|Publication number||US4763424 A|
|Application number||US 07/042,910|
|Publication date||Aug 16, 1988|
|Filing date||Apr 27, 1987|
|Priority date||Feb 28, 1986|
|Publication number||042910, 07042910, US 4763424 A, US 4763424A, US-A-4763424, US4763424 A, US4763424A|
|Inventors||Bruce F. Taylor, Kenneth G. Hagen|
|Original Assignee||Thermo Electron-Web Systems, Inc.|
|Export Citation||BiBTeX, EndNote, RefMan|
|Patent Citations (3), Referenced by (27), Classifications (14), Legal Events (7)|
|External Links: USPTO, USPTO Assignment, Espacenet|
This application is a continuation-in-part application of copending U.S. patent application Ser. No. 834,755 filed on Feb. 28, 1986 now U.S. Pat. No. 4,689,895 and U.S. patent application Ser. No. 909,968 filed on Sept. 22, 1986 now abandoned.
This invention relates to papermaking or other industries where a web is produced, amd more particularly to an apparatus for cooling the produced web or a machine component in contact with the web or for applying a layer of moisture to a web.
In the production of webs, such as paper, magnetic tape, laminates, etc., it is often desirable to control the temperature of either the web, or a machine component in contact with the web, for the purpose of controlling certain web properties which are directly or indirectly affected by the temperature of either the web or the machine components in contact with the web. In some cases it is sufficeint to control the average temperature of the process component in a uniform cross-machine manner, while in other cases the temperature of the process component must be controlled independently at all points across its width, in suitable cross-machine increments, for the purpose of profiling a given web property which is affected by the temperature control.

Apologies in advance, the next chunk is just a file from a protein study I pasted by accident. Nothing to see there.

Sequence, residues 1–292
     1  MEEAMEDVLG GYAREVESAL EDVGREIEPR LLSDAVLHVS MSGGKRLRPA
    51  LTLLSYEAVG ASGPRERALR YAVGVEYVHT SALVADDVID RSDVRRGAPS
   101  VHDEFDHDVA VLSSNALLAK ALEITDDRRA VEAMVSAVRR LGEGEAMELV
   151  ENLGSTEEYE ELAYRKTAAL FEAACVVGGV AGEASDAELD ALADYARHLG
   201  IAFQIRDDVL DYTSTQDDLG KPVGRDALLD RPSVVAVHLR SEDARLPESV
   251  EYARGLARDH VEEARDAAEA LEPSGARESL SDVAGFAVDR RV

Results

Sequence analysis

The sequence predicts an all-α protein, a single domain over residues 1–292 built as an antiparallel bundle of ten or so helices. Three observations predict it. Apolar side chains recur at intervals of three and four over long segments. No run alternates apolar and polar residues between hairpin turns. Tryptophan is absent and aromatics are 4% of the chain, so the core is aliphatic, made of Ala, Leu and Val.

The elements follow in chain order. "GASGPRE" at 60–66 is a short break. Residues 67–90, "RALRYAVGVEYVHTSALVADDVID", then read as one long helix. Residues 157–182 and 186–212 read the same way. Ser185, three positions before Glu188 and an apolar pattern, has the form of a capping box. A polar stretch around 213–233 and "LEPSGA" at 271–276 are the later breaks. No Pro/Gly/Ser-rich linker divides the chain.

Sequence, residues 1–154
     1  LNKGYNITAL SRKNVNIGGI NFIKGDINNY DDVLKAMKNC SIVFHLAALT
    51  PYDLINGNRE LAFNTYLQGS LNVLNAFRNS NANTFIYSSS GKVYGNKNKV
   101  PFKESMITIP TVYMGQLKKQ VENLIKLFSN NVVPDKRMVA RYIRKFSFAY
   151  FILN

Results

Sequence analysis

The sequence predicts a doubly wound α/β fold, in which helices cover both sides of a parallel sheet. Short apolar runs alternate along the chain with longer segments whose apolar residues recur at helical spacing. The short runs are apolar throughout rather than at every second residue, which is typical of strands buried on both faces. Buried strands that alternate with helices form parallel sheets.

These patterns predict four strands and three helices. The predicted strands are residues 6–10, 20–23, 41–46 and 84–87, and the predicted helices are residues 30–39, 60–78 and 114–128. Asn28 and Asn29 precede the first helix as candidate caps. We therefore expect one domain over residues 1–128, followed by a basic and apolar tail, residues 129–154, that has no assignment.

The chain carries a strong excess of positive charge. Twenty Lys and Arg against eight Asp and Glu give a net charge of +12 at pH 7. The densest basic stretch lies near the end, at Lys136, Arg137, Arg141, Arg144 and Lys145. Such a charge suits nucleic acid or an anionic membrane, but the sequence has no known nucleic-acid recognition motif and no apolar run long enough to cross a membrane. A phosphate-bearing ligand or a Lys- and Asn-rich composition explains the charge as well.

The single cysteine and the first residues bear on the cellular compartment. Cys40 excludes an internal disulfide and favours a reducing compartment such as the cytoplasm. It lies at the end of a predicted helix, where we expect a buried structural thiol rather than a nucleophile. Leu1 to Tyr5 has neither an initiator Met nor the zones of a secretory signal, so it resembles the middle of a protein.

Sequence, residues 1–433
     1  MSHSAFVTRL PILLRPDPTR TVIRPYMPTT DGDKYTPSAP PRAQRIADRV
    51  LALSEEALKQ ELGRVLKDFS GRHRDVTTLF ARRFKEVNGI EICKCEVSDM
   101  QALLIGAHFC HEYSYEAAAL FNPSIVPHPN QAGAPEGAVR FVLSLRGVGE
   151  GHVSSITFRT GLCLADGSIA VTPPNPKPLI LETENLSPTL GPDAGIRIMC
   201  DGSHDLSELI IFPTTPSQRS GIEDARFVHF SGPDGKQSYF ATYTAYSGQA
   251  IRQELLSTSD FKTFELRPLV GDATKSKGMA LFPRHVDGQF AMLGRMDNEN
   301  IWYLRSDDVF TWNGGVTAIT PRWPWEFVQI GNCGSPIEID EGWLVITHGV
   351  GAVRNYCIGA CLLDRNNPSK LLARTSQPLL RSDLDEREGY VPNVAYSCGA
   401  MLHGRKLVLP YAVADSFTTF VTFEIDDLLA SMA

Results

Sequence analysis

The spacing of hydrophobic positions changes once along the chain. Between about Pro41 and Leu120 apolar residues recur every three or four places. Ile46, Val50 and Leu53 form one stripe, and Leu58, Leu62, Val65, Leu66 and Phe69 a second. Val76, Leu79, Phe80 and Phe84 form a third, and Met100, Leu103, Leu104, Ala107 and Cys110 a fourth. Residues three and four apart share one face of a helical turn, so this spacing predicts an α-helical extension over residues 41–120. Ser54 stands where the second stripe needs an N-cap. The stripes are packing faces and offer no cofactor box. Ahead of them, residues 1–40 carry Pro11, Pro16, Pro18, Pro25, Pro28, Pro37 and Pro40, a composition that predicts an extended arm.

At the "dry-end" of the web producing machine, after the dried web leaves the dryer-section, it is typically threaded through a calender-stack. A variation of the temperature profile of the rolls of the calender-stack can be utilized to alter the diameter of the rolls and in turn thereby control the web thickness or caliper profile of the sheet exiting the calender stack.
Typical systems in use today control the surface temperature of rolls of a calender stack by either controlled convective heating or cooling of the roll surface, or inductive heating of the outside radial layer of the roll. With convective heating or cooling, the applied heat-transfer fluid (typically air) is cooled or heated, respectively, after the fluid is applied to the roll surface. To provide for adequate heating or cooling of the roll surface, such systems typically consume 5 to 10 kilowatts of power per foot, at full output, with resulting efficiencies of 15 to 85 percent, depending upon the system design.